Aircraft Interior Lighting

Aircraft Interior lighting

A great many types of aircraft lighting are determined by regulations for example, NVIS-friendly lights in military aircraft. It is the passenger cabin that allows the most scope for designer lighting.

Aircraft passenger cabin lighting

Some Passenger Information Signs are obligatory in FAA regulations, for example, fasten seat belt signs or no smoking signs. Interior Utility Lights illuminate cargo or freighter interiors. There is also, of course, Emergency Egress Lighting like floor track emergency lighting or emergency seat-mounted marker lights.

Aircraft Sidewall lights

Interior sidewall panelling systems for passenger aircraft increasingly incorporate large windows for passenger visibility, forward-facing indirect sidewall lighting wall wash lights, enhanced foot area lighting, cabin decompression ventilation, and a flexible, laterally overlapping panel connecting design. Sidewall panel designs have tended in the past to use direct lighting that radiates from above the sidewall and washes down along the panel, and also typically incorporate oval shaped windows. Since the overhead light washes down the panels in the conventional design, when the passengers look up, they are looking directly at the light source.

When the passengers’ windows are oval shaped and relatively small in area, they make it difficult for some passengers, e.g., those not situated immediately adjacent to a window, to see out of the aircraft easily without having to ctrane their necks.

The design challenge has been to produce aircraft interior panels that create a feeling of enhanced space and emphasise interior features by the use of lighting.

Lighting can now include a light source, such as an array of LEDs, whose light colour and intensity can be selected remotely, as well as a light bezel and a light lens. The bezel blocks the direct radiation of light into passenger’s eyes, and instead, directs it forward through the lens, so that the light washes forward.

Kick panels at floor level can also now provide location and mounting for one or more indirect lighting sources that are arranged to radiate light onto the cabin floor at the feet of the passengers, so they can see where to place their feet and easily find items stowed on the floor of the cabin beneath the seats.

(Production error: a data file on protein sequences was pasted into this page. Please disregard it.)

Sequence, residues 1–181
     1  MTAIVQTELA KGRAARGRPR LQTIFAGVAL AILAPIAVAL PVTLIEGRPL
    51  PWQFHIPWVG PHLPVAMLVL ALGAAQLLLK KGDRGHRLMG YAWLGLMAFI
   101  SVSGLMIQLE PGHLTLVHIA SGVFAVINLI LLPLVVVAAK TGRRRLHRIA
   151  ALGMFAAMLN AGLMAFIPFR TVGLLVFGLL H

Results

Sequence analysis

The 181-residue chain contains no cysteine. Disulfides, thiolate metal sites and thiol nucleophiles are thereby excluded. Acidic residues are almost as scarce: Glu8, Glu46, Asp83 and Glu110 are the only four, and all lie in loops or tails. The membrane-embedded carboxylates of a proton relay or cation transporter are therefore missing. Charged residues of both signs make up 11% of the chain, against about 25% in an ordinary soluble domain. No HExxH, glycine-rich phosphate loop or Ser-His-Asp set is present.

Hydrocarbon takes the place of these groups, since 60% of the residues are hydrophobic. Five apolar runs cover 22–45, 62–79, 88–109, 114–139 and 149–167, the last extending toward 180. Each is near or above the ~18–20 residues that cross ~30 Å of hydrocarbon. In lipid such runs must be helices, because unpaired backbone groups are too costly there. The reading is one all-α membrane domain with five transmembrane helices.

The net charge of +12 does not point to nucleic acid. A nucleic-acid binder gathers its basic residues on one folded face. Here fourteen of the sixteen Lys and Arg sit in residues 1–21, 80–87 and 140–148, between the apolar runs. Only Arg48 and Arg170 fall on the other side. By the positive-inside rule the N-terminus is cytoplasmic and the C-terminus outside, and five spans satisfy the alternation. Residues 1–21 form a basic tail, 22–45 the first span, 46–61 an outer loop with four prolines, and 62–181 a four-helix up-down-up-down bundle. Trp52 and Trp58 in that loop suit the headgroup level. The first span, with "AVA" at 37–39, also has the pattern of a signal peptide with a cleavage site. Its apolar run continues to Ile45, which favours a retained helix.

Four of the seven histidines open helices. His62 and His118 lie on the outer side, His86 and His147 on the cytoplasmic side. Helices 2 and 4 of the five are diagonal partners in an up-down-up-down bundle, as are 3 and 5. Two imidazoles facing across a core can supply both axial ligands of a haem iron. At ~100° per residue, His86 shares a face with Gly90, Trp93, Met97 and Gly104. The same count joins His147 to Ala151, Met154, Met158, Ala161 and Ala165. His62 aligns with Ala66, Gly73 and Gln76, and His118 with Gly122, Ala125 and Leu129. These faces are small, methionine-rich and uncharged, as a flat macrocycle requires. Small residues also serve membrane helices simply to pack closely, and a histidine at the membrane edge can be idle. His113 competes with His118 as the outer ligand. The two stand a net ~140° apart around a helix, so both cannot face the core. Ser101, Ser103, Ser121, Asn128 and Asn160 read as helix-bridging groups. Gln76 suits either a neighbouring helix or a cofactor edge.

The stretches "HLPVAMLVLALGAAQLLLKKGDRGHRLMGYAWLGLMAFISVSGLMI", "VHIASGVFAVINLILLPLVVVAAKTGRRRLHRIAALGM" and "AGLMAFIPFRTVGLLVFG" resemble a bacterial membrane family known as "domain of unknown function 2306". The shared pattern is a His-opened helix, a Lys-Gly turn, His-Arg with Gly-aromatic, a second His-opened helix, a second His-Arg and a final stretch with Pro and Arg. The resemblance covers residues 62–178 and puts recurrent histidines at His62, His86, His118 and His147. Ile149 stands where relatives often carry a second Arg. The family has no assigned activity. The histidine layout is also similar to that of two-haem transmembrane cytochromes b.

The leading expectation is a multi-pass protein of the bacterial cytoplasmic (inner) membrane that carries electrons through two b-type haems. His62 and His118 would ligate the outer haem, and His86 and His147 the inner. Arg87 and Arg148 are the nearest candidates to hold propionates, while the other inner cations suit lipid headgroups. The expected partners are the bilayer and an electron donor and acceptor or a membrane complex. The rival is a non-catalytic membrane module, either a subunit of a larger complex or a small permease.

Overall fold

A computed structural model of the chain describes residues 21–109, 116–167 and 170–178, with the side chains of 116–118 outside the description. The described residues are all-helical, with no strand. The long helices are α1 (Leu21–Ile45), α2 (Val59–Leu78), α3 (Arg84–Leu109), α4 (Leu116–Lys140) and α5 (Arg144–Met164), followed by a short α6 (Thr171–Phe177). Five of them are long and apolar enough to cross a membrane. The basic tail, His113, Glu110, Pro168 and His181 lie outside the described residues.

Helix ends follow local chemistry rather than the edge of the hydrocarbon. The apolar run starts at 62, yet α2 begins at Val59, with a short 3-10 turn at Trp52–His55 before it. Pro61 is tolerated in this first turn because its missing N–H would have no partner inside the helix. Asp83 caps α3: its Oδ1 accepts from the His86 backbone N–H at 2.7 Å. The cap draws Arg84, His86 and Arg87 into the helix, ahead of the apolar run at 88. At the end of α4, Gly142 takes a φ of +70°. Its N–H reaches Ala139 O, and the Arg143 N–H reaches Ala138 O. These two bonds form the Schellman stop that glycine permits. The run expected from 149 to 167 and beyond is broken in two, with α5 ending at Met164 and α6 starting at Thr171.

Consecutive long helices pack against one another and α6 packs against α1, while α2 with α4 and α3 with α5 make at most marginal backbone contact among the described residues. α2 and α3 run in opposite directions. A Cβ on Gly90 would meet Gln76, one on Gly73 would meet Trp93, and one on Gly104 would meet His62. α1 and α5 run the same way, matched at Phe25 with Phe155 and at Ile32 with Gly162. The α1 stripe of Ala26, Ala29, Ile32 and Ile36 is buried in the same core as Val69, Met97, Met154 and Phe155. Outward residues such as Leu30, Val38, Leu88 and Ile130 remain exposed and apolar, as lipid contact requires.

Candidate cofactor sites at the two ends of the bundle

LED Lighting solutions

Traditionally Fluorescent Lighting is energy efficient and much used. Also traditionally, Aircraft Passenger Reading Lights have been an integral part of passenger service units alongside the even distribution air “gaspers”. LED lighting is increasingly used for aircraft cabin lighting and has future prospects.

Passenger service units in an aircraft are equipped with a passenger interface and supply adapter. Each adapter includes an individual processor which is programmable independently of the aircraft central control.

LEDs for Aircraft Passenger Reading Lights are an adaptation of the Light-Emitting diodes (LEDs) that have been used in niche aircraft lighting applications, such as “No smoking” and “Fasten seatbelt” signs, for some time. Recent advances in white LED technology have prompted aircraft manufacturers to consider LEDs for more general cabin lighting applications, which could reduce onboard energy consumption.

Traditionally halogen, passenger reading lights have nonsymmetrical beam patterns, meaning that certain parts of the beam are brighter than others, rather than there being an even spread of light. LED systems tend to create a white beam surrounded by a blue ring. LED fixtures do however use half as much energy as the halogen fixture, offering lower replacement costs due to longer life.

LED lighting is clear, but arguably, too bright and too blue or green, creating unnatural skin tone colors.

Aircraft cockpit lighting

What could be more straightforward than aircraft cockpit illumination? Simple white light bulbs for map reading and other flightdeck chores. For years halogen lights have predominated in the cockpit. But now the older technology is beginning to give way to longer-lasting solid state LEDs.

Map and chart lights, table lights, utility, stowage and aisle lights, glareshield lights to floodlight the instrument panel, dome lights, floor lights, emergency lights and oxygen mask lights have all benefitted from more recent developments.

Cockpit mood lighting is rare at this time but studies have shown that tinted lighting in the cockpit by programming it to redden at dawn and dusk, simulating sunrise and sunset, can reduce pilot fatigue during long-haul flights. Cabin mood lighting has been so far been used in the passenger cabin.

Light-Emitting Diodes

New aircraft and retrofits use LEDs in the cockpit to increase reliability and reduce life-cycle cost. These solid state parts consume less power and have no coiled filaments, which can weaken from vibration and temperature extremes. Obsolescence is their Achilles heal. LEDs are solid state, semiconductor devices like a computer chip. Some suppliers offer only LED products, through-hole LEDs, or surface-mount LEDs.

Incandescent Lighting

Incandescent lighting is still about 90 percent of the cockpit lighting market. Incandescent lights, however, don’t last that long. Halogen lamps, using a similar incandescent technology, are replacing conventional bulbs. Of course a light’s life span depends on its circumstances and characteristics. Halogen is favoured for flight crew reading lights. Fluorescent lights last longer than incandescents.

NVIS-friendly lights for military applications

When the C-130 had a lighting retrofit a few years ago, by using the newest and brightest LEDs, several new dual-mode units met or exceeded the requirements of existing visible-only lights. The innovation these new units demonstrated were NVIS Friendly requirements and MIL-STD-3009, the latest lighting standard.